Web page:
MMA Review: #443: UFC 168: Weidman vs. Silva II
-Originally this one – the last show of 2013 – was set to be main evented solely by the long-awaited Ronda Rousey/Miesha Tate grudge match, but when Anderson Silva decided he *did* want a rematch for the Middleweight Title he lost to Chris Weidman in July, Zuffa decided to make this into arguably their biggest show since 2009’s UFC 100 by putting both matches on the same card and then stacking the rest of the show for good measure. To say that this was a highly anticipated show was an understatement.
UFC 168: Weidman vs. Silva II
Las Vegas, Nevada
-Your hosts are Mike Goldberg and Joe Rogan.
Both of these Featherweights were in pretty desperate need of a win, particularly Payan, who hadn’t exactly set the world alight in his UFC debut, a loss to Jeremy Stephens. Peralta meanwhile hadn’t fought since an April loss to Akira Corrassani. This was a tough fight to pick given the similarities between the two men (gritty brawlers for the most part) but I was slightly leaning towards Peralta due to his extensive UFC experience.
Round One and they circle before Peralta starts to wade forward throwing bombs. Payan looks to clinch but Peralta quickly takes him down and lands in half-guard. Peralta looks to work for a pass and lands some short punches to the body for good measure, but Payan manages to explode to his feet. Peralta forces him into the fence while taking a couple of knees to the body, and from there Payan tries a takedown of his own, but Peralta reverses on the way down and lands on top in half-guard again. Full mount attempt from Peralta but Payan does a good job of bucking his hips and he reverses over, taking side mount. Nice short elbows to the body and head land for Payan and he controls Peralta nicely. Payan continues to drop elbows and lands a solid right hand too. Round ends with Payan on top continuing to work some nice ground-and-pound before Peralta escapes on the buzzer. 10-9 Payan for me.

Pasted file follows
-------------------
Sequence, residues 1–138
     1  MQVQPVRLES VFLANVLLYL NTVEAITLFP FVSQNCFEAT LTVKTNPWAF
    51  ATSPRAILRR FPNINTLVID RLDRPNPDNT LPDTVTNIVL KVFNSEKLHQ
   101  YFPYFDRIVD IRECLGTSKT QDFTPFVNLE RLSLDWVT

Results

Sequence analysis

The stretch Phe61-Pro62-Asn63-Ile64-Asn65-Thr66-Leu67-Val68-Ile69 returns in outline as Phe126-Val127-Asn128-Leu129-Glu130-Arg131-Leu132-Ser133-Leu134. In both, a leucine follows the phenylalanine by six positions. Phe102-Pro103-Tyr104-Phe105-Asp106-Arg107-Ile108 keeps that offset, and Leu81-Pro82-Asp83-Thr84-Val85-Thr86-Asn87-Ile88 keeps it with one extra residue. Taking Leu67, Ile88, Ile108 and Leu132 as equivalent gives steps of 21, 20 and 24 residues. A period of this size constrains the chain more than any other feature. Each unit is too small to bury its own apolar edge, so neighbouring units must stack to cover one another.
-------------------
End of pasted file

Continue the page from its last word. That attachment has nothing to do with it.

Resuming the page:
Round Two and both men come out throwing strikes early on. Peralta is really swinging wildly with his punches but he obviously packs a lot of power. Couple of good low kicks land for Payan. Peralta answers with a couple of his own and then wings a hard left hook too. Good right to the body from Peralta. Neither man’s throwing many feints out or anything. Couple more kicks land for Peralta. Clinch from Payan and he hits an easy slam into side mount. More elbows follow for Payan but this time Peralta manages to hip escape to half-guard. Payan continues to work from the top though and then stands over him. That allows Peralta to escape to his feet, but he takes a right hand on the way up. Just over a minute to go and Payan swings Peralta into the fence from the clinch, but Peralta switches position and they exchange some knees. Peralta appears to be going for the takedown now but he can’t get Payan down. Good knees inside from Payan and they muscle for position, and the round ends shortly after. Pretty even round so call it 10-10.
Round Three and Peralta comes out SWINGING. Payan decides to oblige him and almost immediately he PAYS THE PRICE as Peralta’s flurry drops him and some shots on the ground turn out his lights. Good lord.
Can’t fault Peralta there at all – I guess he knew he was probably behind on the scorecards and just decided to go for broke and for once that approach totally worked. Replay shows a left hand caught Payan in the exchange and wobbled him and then another left dropped him in the follow-up flurry. Pretty wild knockout actually. You’ve got to feel for Payan too as he fought a really good fight up to that point but then just got caught cleanly. Such is MMA. Not a bad opener by any means.
Considering this was a Facebook prelim I was pretty damn psyched for this one, namely because I think Patolino is one of the top prospects out there at 170lbs and I couldn’t wait to see how much he’d improved following an impressive stint on TUF Brazil 2. Opponent Voelker hadn’t fought since his August knockout loss at the hands of Robbie Lawler, and although he was coming in as the betting favourite, to me he was the perfect opponent for an up-and-comer like Macario and I figured the Brazilian would be able to overcome the journeyman in this one.